By Daniel Skora
On the surface, it would seem that the current presentation of Ann Arbor’s Theatre Nova might be targeting only a multi-degreed cliental. The list of characters- Hippasus, Damascus, Eloris, Theodousa, and Pythagoras – reads like the cast of a Greek tragedy.
“Pythagorus? The math guy?”
Yep, that’s him. But here, in “Irrational – The Newest ‘Cult’ Musical” by David Wells and R. MacKenzie Lewis, he’s gone screwy with his math and is passing off the square root of 2 as a rational number.
Yeah, you know, the kind that can be expressed as the quotient of two integers, a numerator p and a denominator … oh, just forget it. The philosophical issues are what’s really important anyway.
“What philosophical issues? Ain’t this supposed to be a musical?”
It is. But Pythagoras was also the leader of a movement that was well-stocked with Pythagoreans, his followers, who, besides math, were crazy about things like truth, aesthetics, and metaphysics.
“Metaphysics? I’m not sure I like what I’m hearing.”
Don’t worry. Like Groucho once said, “I never met a physics I didn’t like.” And besides, Pythagoras was a wiz with a Rubik’s Cube.
“Rubik’s Cube? How’d he acquire one of those? Time travel?”
Well, it wasn’t exactly time travel, but something very close. It was the magic of live theatre.
And “Irrational” is indeed a magical piece of live theatre. It’s got all the things mentioned above and more. Depending on where you’re coming from, it’s either math, philosophy, and Greek history transformed into a clever, funny, very contemporary story, or a clever, funny, very contemporary story transformed by math, philosophy and Greek history. Think of it as a kind of intellectual musical or a musical tutorial.
Hippasus (Sebastian Gerstner) is a travelling huckster who arrives in the Greek city of Croton looking for some action. He finds it in the lovely Eloris (Tara Tomcsik) – playful, alluring, and, more importantly, endowed with a wealthy father. Hippasus is struck by her great wealth… er, beauty, and asks her to marry him. She agrees, but only if he performs one task. He must first secure the approval of her father by impressing him with some credential that shows he is a man worthy of her hand. The eternally lucky Hippasus then just happens to stumble across Damascus (Matthew Pecek), a Pythagorean and Greek gadabout who tells him about an organization he belongs to that’s led by the inimitable Pythagoras (Elliot Styles). Though his organization is held in high esteem by many, in his own way Pythagoras is as much a scam artist as Hippasus. Barefooted and dressed like a yogi in loose-fitting white clothing, he rules his followers with an iron fist, dispensing junk science along with the good. But this time Pythagorus is out-hustled by Hippasus, who convinces him that he’s an architect and will help him to extend his influence. Hippasus is welcomed into the club, but there’s trouble brewing on the home front. There’s a Judas at the Pythagorean table – Theodousa (Emily Brett) – who not only has the scoop on Pythagoras’s fuzzy math, but has set her sights on the club’s handsome new member. How will this all play out? Perhaps the Greek chorus (Anna Marck, Esther Jentzen, and Emily Manuell), who seem to everywhere, will let us know.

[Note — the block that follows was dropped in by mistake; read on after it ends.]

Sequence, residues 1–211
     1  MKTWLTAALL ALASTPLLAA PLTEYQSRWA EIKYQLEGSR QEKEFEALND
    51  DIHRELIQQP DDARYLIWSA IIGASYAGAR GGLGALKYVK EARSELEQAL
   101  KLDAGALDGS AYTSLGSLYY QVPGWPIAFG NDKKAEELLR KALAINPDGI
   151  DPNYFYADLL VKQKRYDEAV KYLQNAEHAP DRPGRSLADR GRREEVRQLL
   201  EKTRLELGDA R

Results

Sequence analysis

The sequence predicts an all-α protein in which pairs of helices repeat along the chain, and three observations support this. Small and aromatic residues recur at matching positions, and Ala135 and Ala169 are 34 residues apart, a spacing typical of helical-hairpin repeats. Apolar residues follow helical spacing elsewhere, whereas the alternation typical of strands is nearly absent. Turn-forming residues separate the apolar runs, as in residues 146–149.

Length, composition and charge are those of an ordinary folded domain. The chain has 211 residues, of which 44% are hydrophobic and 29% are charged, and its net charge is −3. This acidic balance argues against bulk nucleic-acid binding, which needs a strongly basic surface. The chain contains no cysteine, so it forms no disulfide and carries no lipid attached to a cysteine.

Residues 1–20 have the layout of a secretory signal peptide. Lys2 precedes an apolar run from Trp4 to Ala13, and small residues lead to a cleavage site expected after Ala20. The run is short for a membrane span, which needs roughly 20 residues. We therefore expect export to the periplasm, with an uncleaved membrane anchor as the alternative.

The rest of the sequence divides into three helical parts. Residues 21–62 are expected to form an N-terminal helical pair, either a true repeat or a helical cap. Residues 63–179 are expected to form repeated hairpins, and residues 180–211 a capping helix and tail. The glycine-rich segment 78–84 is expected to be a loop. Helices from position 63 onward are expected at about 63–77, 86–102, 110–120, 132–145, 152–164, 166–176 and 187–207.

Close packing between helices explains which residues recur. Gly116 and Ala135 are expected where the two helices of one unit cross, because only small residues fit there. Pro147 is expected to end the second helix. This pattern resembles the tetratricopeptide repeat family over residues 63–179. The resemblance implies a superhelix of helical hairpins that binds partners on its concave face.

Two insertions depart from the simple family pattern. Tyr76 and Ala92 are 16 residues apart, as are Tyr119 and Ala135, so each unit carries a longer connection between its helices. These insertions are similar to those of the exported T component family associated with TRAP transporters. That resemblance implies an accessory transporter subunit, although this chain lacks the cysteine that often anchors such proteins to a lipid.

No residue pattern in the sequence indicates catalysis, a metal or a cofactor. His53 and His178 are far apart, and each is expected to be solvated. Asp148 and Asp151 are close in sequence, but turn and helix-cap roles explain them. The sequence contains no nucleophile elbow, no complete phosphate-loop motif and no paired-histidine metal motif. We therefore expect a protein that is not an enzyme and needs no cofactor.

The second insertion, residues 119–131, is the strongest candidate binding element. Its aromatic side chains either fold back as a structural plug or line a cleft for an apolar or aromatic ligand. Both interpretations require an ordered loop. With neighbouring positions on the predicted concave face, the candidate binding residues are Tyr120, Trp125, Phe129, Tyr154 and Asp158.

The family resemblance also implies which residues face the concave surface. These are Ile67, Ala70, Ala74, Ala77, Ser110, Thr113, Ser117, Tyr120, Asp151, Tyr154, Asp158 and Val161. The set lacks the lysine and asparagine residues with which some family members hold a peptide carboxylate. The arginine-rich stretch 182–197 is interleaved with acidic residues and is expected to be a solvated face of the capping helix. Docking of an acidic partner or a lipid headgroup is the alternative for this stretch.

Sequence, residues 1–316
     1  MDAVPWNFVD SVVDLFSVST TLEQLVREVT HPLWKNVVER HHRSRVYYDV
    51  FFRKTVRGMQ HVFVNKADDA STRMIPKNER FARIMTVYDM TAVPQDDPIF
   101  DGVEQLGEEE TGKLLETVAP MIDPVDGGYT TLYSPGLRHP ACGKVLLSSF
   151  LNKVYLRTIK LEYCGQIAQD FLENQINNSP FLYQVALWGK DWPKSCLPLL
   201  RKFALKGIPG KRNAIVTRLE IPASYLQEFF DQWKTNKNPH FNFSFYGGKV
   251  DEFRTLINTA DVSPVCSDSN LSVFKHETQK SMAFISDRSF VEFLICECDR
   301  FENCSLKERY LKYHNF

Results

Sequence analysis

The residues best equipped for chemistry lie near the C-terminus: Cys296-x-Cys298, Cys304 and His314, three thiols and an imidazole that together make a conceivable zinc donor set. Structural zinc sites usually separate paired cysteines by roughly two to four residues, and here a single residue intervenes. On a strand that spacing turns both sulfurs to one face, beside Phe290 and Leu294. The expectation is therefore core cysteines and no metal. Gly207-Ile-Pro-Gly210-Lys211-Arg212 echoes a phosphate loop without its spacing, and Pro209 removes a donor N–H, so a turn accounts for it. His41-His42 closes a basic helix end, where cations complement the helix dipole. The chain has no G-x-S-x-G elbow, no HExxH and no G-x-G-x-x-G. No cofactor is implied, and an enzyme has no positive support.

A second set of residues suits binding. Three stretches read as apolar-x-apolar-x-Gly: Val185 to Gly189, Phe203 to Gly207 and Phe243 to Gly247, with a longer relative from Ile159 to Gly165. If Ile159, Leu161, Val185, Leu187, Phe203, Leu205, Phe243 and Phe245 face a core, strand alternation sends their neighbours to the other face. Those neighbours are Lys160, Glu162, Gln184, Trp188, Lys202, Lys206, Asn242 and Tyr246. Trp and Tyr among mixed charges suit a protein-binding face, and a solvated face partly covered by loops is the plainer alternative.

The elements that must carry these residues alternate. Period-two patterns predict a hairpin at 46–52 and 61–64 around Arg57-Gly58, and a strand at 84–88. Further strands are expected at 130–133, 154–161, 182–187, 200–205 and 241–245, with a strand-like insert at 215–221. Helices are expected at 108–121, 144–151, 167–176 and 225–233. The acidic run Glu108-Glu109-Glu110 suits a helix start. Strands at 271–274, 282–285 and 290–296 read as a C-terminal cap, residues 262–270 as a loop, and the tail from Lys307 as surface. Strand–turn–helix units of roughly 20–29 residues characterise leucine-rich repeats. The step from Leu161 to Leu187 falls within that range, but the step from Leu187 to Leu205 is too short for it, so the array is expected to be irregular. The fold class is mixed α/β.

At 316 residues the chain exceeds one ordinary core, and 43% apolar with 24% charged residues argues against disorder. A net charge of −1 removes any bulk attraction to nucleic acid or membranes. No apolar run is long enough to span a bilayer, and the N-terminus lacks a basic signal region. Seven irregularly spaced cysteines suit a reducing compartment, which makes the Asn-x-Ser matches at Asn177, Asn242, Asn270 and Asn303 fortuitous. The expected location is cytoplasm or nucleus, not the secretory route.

An early postscript:
Yellow Barners (or is it Theatre Novians) will marvel at the creative use of “the pole”, the off-to-the-side support post that’s in every show because if they took it out, the entire Yellow Barn might collapse. It’s matured since it was seen in Theatre Nova’s premiere show “Buyers and Cellar” (with Sebastian Gerstner) and in “Chesapeake” (Sebastian again? Is there a pattern going on here?) and it’s now been turned into a rotating platform with the pole serving as the pivotal point.
As you can tell, I’ve had some fun working on this review.
I’ve done so only because it’s a fun show chock full of everything that makes theatre magical and exciting, and I don’t suspect that anybody connected with such a creative endeavor would be offended. It takes a lot of time and hard work to do the research for a show like this (much of the story can be vouched for in books) and the even harder task of capturing the sparks that come from an active imagination and putting them down into words and music. Kudos to Wells and MacKenzie.
What I haven’t covered about the show because I’ve sort of gone on too long and my dog Chance (as in “Dad, any chance we can keep him?”) is nipping at my heal wanting to go for his walk, I’ve condensed as follows in no particular order: excellent cast led by Elliot Styles; Carla Milarch director (three thumbs up!); set, lighting and pole designed by Daniel C. Walker; Styles an unqualified genius at solving the Cube – solved it in about two minutes; choreography by Carla and Sebastian (multi-talented folks, they are); good triumphs over not so good; song title you wish you’d written: “Big Boy Pants”; song you wish you’d written: “Mononymous” (a laundry list of one-name wonders like Elvis, Madonna, and Groucho); a couple of dozen totally great songs, most delivered in a talk-singing style; Hippasus (Gerstner) getting drenched in an offstage river; Gerstner (Hippasus), beating most of the audience out of the building after the show and making a mad dash for his car to avoid getting drenched again in the parking lot.
By all means, go see the show and enjoy the magic. It’s well-crafted and exciting, and offers a unique theatrical experience. It may even pique your interest in getting reacquainted with those fabulous Greeks.
“Irrational” runs through May 15th. Tickets are pay-what-you-can with a suggested donation of $20. They are available by calling 734.635-8450. Theatre Nova is located at 416 W. Huron Street, tucked away in the Yellow Barn, a stone’s throw off the road in downtown Ann Arbor.